Bluetooth headset Battle Royale
A few weeks ago I praised the Plantronics Voyager Pro high-end Bluetooth headset for its noise-reduction features and extremely comfortable fit (you really can wear it all day). Two other headset vendors wanted my opinion to see how they compare with the Voyager Pro, so let's check out these other contestants:
The scoop: Q1 Voice Controlled Bluetooth Headset, by BlueAnt, about $130 (available exclusively with Sprint through early June, then online nationwide).
What it is: The Q1 is the successor to BlueAnt's V1, one of my favorite Bluetooth headsets from last year. The V1 had awesome voice control features, which have been transferred to the Q1 along with additional noise-reduction features through the use of voice-isolation technology. Other features include multipoint (the ability to connect two phones and answer the one that rings), the ability to pair as many as eight devices, and about four hours of talk time and 100 hours in standby mode.
Why it's cool: Hands down, the voice control technology makes the Q1 a winner. Using your voice, you can answer incoming calls, make outgoing phone calls (through speed dial setup), check the battery life on the headset, and make sure that you are connected. The voice prompts also make this the easiest headset to configure and pair with your phone, as the voice inside the headset walks you through the process. Another cool command is the "Am I connected?" prompt, which will pair your headset with your phone automatically (after the initial pairing). This is fantastic, as one of my main gripes with Bluetooth headsets is knowing whether I'm connected after a few days of non-use.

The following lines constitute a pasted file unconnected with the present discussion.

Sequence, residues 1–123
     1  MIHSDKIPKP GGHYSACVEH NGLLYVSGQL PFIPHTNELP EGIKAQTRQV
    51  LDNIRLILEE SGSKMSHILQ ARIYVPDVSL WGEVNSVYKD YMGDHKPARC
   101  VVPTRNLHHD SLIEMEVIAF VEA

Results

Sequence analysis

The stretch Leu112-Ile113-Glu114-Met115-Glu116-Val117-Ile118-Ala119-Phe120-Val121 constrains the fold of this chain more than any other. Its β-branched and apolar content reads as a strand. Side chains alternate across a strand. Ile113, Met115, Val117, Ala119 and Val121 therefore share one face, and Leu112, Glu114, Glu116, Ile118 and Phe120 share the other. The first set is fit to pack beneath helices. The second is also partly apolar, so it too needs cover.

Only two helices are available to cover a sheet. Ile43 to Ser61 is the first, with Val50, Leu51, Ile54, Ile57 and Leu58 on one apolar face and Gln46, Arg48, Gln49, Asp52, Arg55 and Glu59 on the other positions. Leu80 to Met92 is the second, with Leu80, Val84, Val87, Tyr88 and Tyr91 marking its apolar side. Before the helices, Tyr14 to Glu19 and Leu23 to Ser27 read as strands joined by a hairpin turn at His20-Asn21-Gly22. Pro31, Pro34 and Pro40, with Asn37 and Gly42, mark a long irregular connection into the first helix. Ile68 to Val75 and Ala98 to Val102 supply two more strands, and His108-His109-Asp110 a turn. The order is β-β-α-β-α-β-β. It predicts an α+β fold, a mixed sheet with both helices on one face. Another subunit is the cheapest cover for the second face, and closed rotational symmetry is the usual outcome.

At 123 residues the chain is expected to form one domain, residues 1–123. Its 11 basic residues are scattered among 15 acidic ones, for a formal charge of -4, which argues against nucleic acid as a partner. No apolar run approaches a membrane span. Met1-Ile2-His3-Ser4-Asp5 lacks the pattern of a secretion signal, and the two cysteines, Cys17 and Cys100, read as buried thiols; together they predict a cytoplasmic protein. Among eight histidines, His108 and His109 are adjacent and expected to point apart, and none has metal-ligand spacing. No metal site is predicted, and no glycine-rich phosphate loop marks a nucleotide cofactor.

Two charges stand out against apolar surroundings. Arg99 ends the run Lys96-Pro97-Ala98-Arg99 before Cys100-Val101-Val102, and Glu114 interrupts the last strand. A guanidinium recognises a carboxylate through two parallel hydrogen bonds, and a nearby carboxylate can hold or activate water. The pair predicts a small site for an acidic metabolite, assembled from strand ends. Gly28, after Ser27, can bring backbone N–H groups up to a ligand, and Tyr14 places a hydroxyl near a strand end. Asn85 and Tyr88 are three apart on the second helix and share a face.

Some caveats: The speed dial function only works with some phones (and not the iPhone), so making calls via voice command can be trickier than I'd like it to be. The voice-isolation feature requires a button press and is not automatic, and the technology was good but not great in my tests.
Grade: 5 stars (out of five).
The scoop: Jawbone Prime Earcandy Edition, by Aliph, about $130.
What it is: Just like the Q1 and Voyager Pro, this high-end Bluetooth headset features noise-cancellation technology (Aliph calls it NoiseAssassin) to reduce the sound around you so callers can hear you more clearly. The Earcandy Edition of the Jawbone Prime adds four color options, including lime green, scarlet red, yellow and purple, making this a more fashionable choice than the other two.
Why it's cool: The NoiseAssassin works outstandingly well; the receiving party thought this was the best out of the three devices I tested. The volume control was much better on the Jawbone than on the Q1. Pairing was easy but not as easy as the voice-command version. The small size of the Jawbone also makes it appealing for users who don't want to look as Borg-like with their headset (especially when you compare it with the large boom microphone on the Voyager Pro.
Some caveats: The headset boasts voice dialing features, but it appears to be phone specific (it wouldn't work with my iPhone). It's definitely not the same as the Q1's voice commands.
Grade: 5 stars.
Bottom line: With three 5-star reviews, which do you choose? For comfort and noise reduction on the caller's side, the Voyager Pro is tops. For style and noise cancellation on the receiver's end, go with the Jawbone. For voice command and ease of use, go with the BlueAnt Q1. However, all three offer outstanding options and you won't be disappointed in any of them.